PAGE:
Benjamin Hsiao

Distinguished Professor in Chemistry, Stony Brook University

Dr. Benjamin S. Hsiao, a Distinguished Professor in Chemistry at Stony Brook University, received his B.S. degree from National Taiwan University, Ph.D. from University of Connecticut, and post-doctorate training at University of Massachusetts. He joined DuPont Company as a staff scientist and spent 8 years in R&D before coming to Stony Brook University. He served as Chair of the Chemistry Department and held Vice President for Research position at Stony Brook University. Currently, Hsiao is a Founding Co-Director of Innovative Global Energy Solutions Center (, aiming to prototype ‘sustainability for off-grid communities of tomorrow’, using the Turkana Basin Institute in northern Kenya as a living laboratory. He is also the Director of Center for Advanced Technology in Integrated Electric Energy Systems (, with the mission to enhance the development and integration of advanced technologies into electric energy systems on multiple scales.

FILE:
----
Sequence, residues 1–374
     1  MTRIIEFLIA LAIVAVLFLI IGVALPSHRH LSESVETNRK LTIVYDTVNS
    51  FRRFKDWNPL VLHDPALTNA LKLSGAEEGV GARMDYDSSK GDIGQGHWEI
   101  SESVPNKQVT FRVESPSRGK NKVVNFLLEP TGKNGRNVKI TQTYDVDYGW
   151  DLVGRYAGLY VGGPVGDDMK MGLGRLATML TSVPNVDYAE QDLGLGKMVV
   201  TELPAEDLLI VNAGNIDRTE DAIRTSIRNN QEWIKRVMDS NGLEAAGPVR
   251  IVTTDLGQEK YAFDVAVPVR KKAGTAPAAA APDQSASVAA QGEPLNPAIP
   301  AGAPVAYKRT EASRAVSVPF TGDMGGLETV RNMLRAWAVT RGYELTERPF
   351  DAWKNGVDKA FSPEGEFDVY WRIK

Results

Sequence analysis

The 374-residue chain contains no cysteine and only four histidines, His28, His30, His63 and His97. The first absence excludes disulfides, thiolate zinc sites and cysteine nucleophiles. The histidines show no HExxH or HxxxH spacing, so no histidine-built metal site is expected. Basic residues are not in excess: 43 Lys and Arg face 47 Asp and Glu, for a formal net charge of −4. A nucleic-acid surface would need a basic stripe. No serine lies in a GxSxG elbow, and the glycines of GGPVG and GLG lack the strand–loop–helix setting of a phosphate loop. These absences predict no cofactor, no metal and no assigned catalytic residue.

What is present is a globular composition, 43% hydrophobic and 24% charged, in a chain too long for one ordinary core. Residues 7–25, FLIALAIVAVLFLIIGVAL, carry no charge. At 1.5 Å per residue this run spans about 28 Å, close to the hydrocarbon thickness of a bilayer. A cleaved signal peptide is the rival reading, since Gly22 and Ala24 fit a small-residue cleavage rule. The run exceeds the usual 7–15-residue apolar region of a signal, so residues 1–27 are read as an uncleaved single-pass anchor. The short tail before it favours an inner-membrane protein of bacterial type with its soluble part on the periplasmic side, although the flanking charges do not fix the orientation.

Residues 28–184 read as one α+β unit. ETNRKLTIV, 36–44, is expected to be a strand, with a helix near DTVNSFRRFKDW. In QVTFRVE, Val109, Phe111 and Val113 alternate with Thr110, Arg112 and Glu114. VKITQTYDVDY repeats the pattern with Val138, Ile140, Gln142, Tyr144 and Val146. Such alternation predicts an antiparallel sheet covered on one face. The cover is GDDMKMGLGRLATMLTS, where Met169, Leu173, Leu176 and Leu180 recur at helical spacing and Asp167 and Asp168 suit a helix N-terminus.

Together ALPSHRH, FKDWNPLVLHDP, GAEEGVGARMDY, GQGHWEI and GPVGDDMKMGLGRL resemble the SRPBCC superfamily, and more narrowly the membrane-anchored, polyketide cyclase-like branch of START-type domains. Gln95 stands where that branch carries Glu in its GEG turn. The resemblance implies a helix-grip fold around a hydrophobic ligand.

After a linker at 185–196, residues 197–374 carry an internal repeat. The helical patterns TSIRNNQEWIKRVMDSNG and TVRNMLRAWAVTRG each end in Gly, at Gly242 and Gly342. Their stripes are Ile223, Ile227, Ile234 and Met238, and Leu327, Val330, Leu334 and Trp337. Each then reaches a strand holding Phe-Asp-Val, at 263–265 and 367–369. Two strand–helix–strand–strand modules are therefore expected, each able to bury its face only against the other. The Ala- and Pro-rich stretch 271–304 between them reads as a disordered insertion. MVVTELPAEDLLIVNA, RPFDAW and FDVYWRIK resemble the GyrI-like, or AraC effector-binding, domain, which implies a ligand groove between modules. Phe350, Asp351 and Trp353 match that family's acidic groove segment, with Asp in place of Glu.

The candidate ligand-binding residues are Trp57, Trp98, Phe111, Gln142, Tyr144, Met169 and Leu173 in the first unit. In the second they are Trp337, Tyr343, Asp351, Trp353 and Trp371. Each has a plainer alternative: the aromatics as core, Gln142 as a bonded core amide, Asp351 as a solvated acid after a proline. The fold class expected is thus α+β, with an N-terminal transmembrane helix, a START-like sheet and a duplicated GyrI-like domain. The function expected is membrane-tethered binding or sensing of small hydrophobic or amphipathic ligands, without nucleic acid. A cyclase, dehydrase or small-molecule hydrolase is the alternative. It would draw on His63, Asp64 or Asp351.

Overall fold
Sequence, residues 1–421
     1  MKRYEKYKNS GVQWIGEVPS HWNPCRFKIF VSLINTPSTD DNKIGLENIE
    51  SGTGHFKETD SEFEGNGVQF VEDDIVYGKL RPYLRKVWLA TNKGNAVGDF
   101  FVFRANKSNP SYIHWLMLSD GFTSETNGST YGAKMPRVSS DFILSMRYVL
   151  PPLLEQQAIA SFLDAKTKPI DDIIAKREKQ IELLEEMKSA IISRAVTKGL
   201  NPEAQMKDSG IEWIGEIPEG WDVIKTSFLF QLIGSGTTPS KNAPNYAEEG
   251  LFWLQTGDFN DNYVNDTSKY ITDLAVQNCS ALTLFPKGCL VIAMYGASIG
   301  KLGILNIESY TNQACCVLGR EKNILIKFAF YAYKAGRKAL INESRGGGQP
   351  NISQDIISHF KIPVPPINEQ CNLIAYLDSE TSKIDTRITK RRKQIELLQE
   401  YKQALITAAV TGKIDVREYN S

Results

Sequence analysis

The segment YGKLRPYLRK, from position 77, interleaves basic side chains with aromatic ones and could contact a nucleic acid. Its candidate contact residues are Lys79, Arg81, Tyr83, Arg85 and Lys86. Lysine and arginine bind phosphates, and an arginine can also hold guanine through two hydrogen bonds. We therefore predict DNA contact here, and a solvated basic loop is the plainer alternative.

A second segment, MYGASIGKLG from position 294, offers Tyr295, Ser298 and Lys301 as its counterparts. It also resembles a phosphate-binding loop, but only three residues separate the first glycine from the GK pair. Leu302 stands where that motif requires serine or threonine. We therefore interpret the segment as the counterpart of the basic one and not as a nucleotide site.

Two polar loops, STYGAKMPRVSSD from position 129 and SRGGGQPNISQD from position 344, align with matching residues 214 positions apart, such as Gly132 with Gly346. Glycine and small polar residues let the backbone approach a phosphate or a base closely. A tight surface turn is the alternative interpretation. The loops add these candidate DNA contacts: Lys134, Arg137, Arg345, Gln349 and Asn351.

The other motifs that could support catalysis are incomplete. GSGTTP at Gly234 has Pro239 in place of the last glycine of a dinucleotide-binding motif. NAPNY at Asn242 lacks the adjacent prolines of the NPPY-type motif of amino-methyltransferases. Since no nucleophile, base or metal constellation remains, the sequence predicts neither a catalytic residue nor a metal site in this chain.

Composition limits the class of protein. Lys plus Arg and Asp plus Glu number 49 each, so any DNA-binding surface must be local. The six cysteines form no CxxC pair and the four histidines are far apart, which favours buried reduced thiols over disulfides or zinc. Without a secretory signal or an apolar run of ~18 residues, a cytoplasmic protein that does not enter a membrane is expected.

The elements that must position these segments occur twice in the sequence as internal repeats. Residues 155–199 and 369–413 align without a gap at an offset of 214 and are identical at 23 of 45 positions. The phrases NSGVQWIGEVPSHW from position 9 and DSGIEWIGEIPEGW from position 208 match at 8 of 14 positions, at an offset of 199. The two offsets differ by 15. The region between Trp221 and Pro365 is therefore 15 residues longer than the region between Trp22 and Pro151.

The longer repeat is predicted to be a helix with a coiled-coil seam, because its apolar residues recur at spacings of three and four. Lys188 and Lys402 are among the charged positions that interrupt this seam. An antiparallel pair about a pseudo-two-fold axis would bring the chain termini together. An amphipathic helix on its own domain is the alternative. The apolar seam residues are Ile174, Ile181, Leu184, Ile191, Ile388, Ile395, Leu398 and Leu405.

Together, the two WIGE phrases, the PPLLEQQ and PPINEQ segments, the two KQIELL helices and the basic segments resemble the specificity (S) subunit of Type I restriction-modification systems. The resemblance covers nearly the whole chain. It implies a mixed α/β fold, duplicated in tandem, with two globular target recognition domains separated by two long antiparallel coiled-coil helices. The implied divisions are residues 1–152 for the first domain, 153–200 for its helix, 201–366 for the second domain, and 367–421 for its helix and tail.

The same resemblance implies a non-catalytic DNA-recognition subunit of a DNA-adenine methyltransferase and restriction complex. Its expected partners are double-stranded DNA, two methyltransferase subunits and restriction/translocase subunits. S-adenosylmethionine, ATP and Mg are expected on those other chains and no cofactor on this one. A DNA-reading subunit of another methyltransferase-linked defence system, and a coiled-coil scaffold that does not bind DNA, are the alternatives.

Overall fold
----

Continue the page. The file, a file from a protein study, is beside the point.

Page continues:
Hsiao has a distinguished reputation in polymer science. His current research interests are mainly focused on the development of sustainable nanostructured materials for water pufication. He published over 442 peer-reviewed scientific papers, 42 reviews and chapters in books and encyclopedias, 228 conference proceedings, obtained 34 issued patents (including 20 US patents) and 21 pending patent applications, and edited 2 books. He was elected as Fellow of American Association for the Advancement of Science, Fellow of American Chemical Society, Fellow of American Physical Society, Fellow of Materials Research Society, Fellow of National Academy of Inventors, and received SUNY Distinguished Professor, Hononary Professor from University of Queensland in Australia, Chang-Jiang Scholar from Education Ministry of China, Co-operative Research Award from Division of Polymeric Materials Science and Engineering of American Chemical Society, NSF Special Creativity Award and DuPont Young Faculty Award. Hsiao and his team have developed a highly permeable breakthrough membrane technology using nanofibrous materials for water purification, which removes pathogens and contaminants in water using gravity or solar heat.  This invention can provide affordable and sustainable drinking water solutions to people in remote communities and after catastrophic disasters, and the technology has been highlighted by the AAU, and the NSF in a 2015 exhibit for the U.S. Congress.